In 1997, as Foyt and his driver, Billy Boat, celebrated Boat's victory at the inaugural IRL race at Texas Motor Speedway, two-time Indy 500 champ Arie Luyendyk crashed the party to complain that he'd been robbed of the victory. (An electronics problem apparently caused the speedway's system to miss scoring two of his laps, and Luyendyk had, in fact, won and felt A.J. must have known it.) A.J. backhanded Luyendyk and gave him a shove, and the Dutchman went tumbling over the potted tulips decorating victory lane. Foyt was fined for that one, but it was largely considered a hoot. Luyendyk was none to happy, but afterward, even he managed a quip: "If people didn't know me before then, they know me now."
Miller himself had felt the sting of a Foyt assault 16 years earlier at Indy. It was 1981, and he was covering motorsports for the Indianapolis Star. "It was the very first year anyone was using radar guns, and Roger Penske put a guy at the end of the backstretch with one," he said. "So after a couple of days, the word was out about how much faster Foyt was on the straightaways than everyone else." The inference was that Foyt must have been doing something illegal to have that edge.
In a routine "notebook" item, Miller included a single sentence about how Foyt's straightaway speeds had raised eyebrows up and down pit lane. Foyt saw it, or heard about. On the Friday afternoon before pole day, Miller recalled, "he walked up behind me, smacked me in the back of the head, jerked me around behind the scoring tower, and said he was going to kick my ass. The muscles in his neck were sticking out."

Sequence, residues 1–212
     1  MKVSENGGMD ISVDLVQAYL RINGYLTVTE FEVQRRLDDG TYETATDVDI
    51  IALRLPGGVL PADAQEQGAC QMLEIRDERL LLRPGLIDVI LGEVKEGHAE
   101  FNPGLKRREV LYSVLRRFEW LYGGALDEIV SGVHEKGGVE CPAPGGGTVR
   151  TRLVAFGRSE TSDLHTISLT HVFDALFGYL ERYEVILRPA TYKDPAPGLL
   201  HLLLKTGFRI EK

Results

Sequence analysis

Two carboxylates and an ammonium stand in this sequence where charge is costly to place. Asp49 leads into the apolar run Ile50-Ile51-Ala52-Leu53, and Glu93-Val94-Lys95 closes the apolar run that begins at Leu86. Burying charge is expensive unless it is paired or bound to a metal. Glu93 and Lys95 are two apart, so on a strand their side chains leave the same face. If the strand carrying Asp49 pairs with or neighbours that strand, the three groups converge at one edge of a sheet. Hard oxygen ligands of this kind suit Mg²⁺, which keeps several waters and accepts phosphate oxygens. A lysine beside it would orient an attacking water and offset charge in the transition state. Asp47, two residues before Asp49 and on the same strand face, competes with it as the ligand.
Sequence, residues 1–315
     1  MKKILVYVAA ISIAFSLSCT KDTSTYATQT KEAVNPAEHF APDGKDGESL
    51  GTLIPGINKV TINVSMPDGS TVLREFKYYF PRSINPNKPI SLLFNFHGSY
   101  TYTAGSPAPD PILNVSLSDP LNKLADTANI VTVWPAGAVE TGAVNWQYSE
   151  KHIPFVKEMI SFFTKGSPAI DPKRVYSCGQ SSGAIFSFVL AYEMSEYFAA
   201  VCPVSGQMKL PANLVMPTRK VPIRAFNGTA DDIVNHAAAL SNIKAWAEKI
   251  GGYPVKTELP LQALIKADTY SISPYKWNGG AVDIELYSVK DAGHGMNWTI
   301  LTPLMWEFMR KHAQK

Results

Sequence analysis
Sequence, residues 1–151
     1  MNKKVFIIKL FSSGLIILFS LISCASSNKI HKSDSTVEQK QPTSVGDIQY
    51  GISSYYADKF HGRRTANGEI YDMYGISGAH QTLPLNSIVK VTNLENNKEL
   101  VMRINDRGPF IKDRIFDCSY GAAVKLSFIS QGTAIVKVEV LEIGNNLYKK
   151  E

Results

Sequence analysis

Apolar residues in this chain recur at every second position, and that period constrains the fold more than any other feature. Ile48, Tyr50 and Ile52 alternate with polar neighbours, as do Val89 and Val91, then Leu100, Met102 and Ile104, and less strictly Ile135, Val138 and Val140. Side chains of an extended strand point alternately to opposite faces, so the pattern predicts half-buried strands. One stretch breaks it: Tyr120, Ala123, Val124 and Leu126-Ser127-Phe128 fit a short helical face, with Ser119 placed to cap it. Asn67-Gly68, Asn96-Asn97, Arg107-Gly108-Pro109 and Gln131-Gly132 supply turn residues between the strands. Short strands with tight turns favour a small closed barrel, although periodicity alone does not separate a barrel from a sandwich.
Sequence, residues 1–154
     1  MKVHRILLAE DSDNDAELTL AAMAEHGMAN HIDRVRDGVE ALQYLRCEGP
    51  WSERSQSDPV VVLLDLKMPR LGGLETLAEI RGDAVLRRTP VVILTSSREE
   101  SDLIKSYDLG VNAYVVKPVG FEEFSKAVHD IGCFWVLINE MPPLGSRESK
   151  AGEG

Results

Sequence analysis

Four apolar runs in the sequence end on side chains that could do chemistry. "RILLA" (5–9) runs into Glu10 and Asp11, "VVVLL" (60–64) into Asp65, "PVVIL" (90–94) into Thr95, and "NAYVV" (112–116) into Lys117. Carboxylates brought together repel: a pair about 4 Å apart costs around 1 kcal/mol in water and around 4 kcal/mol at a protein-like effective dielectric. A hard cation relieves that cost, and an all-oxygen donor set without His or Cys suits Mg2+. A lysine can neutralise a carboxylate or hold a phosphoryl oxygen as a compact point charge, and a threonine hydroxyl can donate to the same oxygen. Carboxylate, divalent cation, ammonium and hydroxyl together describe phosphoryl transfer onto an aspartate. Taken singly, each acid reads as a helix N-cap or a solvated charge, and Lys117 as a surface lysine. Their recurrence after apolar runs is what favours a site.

Miller protested, saying the item amounted to nothing. "Well, I'm tired of these guys sayin' I'm cheatin'!" roared A.J. before finally calming down. After Foyt walked away, a friend of Miller's on pit road, one of the thousands who'd witnessed the incident, asked if he were going to press charges. Hell, no, said Miller. But he was going to retaliate. He'd write about it—not the assault, but the allegations of cheating.
A few things about Foyt had been left in the closet too long, and it was time to let them out, Miller wrote in his Sunday column. "I wrote how his legacy had always been cloaked in rumor and innuendo about how many times he'd cheated," Miller recalled. "And, of course, he's always been the first one to tell you, 'If they don't catch you, you ain't cheatin'.'"